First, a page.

The nine month wait is finally over and your first child has arrived. You are now a family of three. Suddenly priorities have dramatically shifted and there is a brand new norm. Living spontaneously is now just a memory. Life as you knew it has changed and will never be the same.
The first weeks of your new arrival bring a lot of “awes”. You both marvel at this miracle of life that together, you’ve brought into the world. You closely watch every movement, every sound, every bodily function, and eagerly wait for the first smile. Love has taken on a new meaning.
Your new obsession though means changes in the relationship between you and your spouse or partner. They are no longer your primary focus and for some, that can create tension and in some cases, jealousy. Often sex gets put on the back burner for many weeks and sometimes for several months. I’ve worked with couples who say it’s been close to a year.
Newborns take up a lot of time and energy and the demands go on all day and night. There is no such thing for new parents, as an eight hour sleep. These things combined, can make it very difficult to put any focus on the relationship parents have with each other. What happens though when the neglect of that very important relationship starts in the first month and continues for months, or years? What happens when all the focus goes towards the child but none towards the child’s parents?
Our children need us to remain loving and caring towards each other so they can grow up in a safe, stable, and loving environment. They need us to tend to our relationship and address issues before the little things become big things. They need us to express love for each other and remember why we came together in the first place. They need us to act as a team and be united in our approach. If we aren’t always united, which is often the case; they need us to respect each other and not make a big issue around things that don’t really matter in the big picture.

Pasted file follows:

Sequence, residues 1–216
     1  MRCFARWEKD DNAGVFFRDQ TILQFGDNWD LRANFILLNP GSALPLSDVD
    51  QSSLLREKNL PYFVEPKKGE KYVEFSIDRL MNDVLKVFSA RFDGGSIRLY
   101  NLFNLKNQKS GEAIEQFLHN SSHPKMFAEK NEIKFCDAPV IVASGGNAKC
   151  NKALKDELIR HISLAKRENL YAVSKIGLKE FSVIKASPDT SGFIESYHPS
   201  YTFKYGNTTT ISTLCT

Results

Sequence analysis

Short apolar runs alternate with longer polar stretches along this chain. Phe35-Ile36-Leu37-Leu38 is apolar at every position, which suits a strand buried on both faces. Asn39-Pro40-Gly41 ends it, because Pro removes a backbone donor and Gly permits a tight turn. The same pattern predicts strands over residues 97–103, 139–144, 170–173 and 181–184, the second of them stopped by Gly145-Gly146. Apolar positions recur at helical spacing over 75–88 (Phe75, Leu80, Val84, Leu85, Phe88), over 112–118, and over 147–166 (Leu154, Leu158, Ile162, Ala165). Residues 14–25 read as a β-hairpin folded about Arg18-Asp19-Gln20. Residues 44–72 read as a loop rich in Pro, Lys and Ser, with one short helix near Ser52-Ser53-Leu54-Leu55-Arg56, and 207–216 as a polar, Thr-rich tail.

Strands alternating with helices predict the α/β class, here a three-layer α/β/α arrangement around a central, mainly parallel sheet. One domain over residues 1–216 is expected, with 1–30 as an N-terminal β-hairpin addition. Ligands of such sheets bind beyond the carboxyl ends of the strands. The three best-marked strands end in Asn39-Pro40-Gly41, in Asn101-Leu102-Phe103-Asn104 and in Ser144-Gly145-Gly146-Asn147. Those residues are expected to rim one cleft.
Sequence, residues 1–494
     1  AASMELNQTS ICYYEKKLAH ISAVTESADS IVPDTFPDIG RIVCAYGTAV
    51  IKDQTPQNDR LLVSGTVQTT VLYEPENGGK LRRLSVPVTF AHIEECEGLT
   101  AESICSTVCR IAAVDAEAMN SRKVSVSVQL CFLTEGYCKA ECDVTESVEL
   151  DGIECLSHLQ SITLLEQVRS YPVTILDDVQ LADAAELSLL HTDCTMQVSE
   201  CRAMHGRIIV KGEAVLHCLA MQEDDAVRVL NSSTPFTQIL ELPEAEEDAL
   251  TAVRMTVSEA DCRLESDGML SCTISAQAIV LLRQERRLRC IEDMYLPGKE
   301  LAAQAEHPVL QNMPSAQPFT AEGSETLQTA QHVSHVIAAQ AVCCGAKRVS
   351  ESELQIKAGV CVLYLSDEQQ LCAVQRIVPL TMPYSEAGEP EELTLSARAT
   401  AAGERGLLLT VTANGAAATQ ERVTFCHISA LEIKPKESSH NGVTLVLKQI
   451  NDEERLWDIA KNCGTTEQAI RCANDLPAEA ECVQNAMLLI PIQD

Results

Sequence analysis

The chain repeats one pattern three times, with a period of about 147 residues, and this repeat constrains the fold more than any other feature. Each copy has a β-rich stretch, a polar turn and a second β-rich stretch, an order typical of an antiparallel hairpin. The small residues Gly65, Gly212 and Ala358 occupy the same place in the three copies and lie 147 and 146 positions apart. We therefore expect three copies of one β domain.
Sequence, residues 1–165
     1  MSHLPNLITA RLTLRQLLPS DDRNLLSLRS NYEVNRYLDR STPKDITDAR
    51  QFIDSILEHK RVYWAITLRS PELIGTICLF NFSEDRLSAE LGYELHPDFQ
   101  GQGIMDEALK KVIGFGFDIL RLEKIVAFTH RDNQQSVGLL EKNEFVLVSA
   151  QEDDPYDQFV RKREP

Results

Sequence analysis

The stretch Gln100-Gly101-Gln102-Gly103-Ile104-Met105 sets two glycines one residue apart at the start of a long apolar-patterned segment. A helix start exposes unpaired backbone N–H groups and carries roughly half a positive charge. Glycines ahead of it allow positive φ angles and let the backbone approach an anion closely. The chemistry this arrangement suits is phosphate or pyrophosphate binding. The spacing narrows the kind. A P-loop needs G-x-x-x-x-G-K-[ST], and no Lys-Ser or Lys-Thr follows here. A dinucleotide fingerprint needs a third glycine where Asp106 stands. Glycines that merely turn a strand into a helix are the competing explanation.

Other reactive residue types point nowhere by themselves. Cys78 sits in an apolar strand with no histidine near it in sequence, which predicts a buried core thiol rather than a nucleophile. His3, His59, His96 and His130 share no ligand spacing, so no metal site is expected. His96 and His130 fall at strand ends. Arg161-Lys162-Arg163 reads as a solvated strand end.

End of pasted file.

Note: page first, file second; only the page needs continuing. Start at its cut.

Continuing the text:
If in the first month after the birth of your first child you begin to be actively aware of the importance of keeping your union strong and loving, it will become a habit. You will be giving your child the gift of a loving home to grow up in. You will be setting an example of a healthy relationship. They will learn from the example you set.
Despite the profound joy you feel when your new baby enters your life, remember you’re going through a major life change. Many of those changes you’ll both feel but each of you may also experience them quite differently. Be gentle on each other. Show compassion and patience as you both navigate the many twists and turns, and peaks and valleys of this new chapter.
Top Tips for medschoolforparents.com parents from Barbara Desmarais :
1. Make the effort to have sex at least once a week. It will help to keep your union strong. Even when you might not feel like it, it’s an important part of the relationship.
2. Be conscious of acknowledging each other with words of love, support and encouragement. Remember this is all new for both of you.
3. When family or close friends offer to babysit, take the opportunity to go out. Even a couple of hours together will make a difference.
4. Maintain your other friendships. Doing things that nurture YOU, makes you a better partner.
5. Cultivate friendships with other couples who have babies. Your new life will require some balance and a variety of activities and people. Injecting some fun into your life will help to keep your relationship healthy.
5. Really pick your battles. If your partner puts an outfit on the baby that you don’t like, let it go. You’ll find we all do things differently and there are many “right” ways of doing things. Decide if in the big picture, what you’re battling over, really matters.